Global markets remain extremely volatile. Australian shares fell around 17 per cent in March while US shares fell around 15 per cent. Crude oil prices fell more than 56 per cent as a production agreement between OPEC and other oil-producing nations broke down. Australian wholesale petrol prices fell to a 16-year low, while the national average price of unleaded petrol fell to a 13-month low of 127.6c a litre. The Aussie dollar fell about 5 per cent over the month to just below US62c, after briefly dipping below US56c.

Making peace with the unknown

Making peace with the unknown

Life constantly challenges us with unknowns, yet some of these hit closer to home and harder than others in their impact.

The coronavirus is unprecedented in our lifetimes, so we are charting new territory in the world’s response to this crisis. The uncertainty around its far-reaching impact is creating fear for many around the globe, as governments act to minimise the spread of the virus.

Due to the fast changing nature of the government response to this momentous challenge, there are significant unknowns. There are short term unknowns around the government’s evolving response to the crisis and you could be concerned about the stability of your work situation. And longer term about how will this impact you into the future? Perhaps you’re wondering when you will be able to retire as your super balance takes a dive? Will the economy and businesses survive the disruption? How will you be supported through this period?

You are not alone in experiencing these fears. As humans we like to deal with ‘knowns’ and plan accordingly, rather than be at the mercy of uncertainty and instability. Whether it’s something as big as the coronavirus or a smaller unknown, there are however ways we can become more comfortable with uncertainty.

Planning for the unknowns

Planning for the unknowns sounds like a contradiction. After all, if we don’t know how, when and if we will be impacted, how can we plan for it? Yet planning for potential outcomes can help us feel more in control and be one less worry to deal with.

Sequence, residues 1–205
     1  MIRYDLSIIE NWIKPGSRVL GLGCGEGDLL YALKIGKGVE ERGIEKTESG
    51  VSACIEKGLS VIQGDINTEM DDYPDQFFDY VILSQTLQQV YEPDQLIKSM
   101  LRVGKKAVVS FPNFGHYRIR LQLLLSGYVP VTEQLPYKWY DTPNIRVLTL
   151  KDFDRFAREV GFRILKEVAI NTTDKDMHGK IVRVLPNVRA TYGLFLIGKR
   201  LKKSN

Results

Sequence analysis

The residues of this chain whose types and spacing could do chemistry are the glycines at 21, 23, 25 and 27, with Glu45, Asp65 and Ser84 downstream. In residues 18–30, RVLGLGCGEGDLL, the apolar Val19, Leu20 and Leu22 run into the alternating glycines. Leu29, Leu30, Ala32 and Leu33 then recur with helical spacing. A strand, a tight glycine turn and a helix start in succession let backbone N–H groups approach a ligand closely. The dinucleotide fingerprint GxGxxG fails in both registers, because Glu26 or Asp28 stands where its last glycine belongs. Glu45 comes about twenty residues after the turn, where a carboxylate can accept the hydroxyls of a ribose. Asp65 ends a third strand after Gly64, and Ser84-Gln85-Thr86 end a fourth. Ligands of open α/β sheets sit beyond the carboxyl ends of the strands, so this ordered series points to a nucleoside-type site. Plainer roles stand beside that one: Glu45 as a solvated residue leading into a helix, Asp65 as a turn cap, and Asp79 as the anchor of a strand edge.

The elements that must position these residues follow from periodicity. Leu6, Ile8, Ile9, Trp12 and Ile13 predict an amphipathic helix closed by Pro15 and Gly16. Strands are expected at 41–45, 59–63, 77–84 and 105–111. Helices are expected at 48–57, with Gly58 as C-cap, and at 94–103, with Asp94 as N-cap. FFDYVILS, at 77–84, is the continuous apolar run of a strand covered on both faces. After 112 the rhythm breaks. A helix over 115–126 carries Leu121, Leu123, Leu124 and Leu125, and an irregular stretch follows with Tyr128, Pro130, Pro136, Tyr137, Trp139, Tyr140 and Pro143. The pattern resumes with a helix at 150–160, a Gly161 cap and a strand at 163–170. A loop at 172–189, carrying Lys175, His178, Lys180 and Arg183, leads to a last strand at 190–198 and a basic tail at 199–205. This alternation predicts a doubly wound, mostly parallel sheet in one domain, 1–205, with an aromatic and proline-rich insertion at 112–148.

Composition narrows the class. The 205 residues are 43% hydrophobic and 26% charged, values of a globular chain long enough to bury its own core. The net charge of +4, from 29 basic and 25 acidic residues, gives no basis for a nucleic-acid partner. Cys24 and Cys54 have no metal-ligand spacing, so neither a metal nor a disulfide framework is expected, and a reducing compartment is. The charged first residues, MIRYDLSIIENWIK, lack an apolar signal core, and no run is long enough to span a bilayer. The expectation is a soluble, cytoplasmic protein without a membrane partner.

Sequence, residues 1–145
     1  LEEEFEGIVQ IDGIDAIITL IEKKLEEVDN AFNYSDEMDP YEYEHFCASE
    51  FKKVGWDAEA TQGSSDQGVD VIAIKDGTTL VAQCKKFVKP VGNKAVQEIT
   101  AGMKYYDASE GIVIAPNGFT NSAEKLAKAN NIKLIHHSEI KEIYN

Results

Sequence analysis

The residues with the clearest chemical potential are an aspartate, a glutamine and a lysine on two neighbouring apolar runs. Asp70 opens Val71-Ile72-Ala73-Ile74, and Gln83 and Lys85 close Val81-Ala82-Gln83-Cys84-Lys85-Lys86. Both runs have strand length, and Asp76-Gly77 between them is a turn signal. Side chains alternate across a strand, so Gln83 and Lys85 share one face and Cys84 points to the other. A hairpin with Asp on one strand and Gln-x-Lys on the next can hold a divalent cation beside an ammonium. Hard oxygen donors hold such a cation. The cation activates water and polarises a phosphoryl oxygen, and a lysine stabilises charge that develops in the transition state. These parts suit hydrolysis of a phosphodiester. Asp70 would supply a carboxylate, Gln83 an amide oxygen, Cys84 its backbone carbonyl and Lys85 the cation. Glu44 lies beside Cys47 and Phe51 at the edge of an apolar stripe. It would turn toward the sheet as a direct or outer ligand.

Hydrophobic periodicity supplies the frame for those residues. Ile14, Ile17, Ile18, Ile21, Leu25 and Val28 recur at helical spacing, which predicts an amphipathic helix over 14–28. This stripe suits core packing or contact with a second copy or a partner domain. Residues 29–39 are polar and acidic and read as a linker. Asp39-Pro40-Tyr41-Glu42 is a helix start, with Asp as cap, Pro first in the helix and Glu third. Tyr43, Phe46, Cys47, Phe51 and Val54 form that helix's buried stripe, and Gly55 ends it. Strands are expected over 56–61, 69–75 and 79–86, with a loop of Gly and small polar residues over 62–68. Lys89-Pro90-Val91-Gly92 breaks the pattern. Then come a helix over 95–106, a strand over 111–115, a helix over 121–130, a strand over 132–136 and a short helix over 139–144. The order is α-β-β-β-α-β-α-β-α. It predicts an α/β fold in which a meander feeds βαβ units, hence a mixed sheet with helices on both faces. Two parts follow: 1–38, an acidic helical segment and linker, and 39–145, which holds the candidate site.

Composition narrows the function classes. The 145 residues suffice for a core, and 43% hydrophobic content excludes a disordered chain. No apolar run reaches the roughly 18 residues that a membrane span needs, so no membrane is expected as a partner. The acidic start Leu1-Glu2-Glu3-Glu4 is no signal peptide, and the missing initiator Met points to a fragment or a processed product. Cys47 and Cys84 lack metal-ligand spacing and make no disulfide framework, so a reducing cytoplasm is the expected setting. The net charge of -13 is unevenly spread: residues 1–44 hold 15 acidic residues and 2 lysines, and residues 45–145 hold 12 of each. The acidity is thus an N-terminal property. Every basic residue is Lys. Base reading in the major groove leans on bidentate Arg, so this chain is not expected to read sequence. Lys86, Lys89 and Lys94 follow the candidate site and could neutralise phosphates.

You don’t need to think of every possible eventuality, but given the challenges society is facing, consider what the implications mean for you and your family. What can you do to minimise the impact?

Then the next, possibly more challenging thing to do, is to accept that you can’t plan for all eventualities and acknowledge that there may be some things out of your control. Focus your attention on what you are able to have some control over and then look at narrowing the list down to what really matters most to you, letting the rest of the ‘noise’ dissipate.

Stay positive and engender connection

The situation is changing rapidly and it’s tempting to constantly monitor news feeds, as it can feel more empowering to feel like you know what is going on. Just be mindful of taking breaks from the updates if they are fuelling feelings of uncertainty. Step outside and enjoy a little fresh air, call a friend or just do something small that gives you a bit of a breather and a little perspective.

The societal impact of the coronavirus is huge and is having a significant impact effect on many of our lives. It’s important to remember that these changes aren’t necessarily permanent and that we are all in this together.

Connection is important in helping us feel grounded and supported during a period of uncertainty. This crisis is first and foremost a health and human crisis, so we need to be respectful of not only our own health, but those of others. We can help those who are more vulnerable. There are many good news stories arising of people assisting and connecting with their neighbours and those in need.

Understanding the impact on the markets

Markets have experienced a significant downward trend as the impact of the coronavirus continues to develop across the globe. This has had a significant impact on investments and more broadly on superannuation account balances.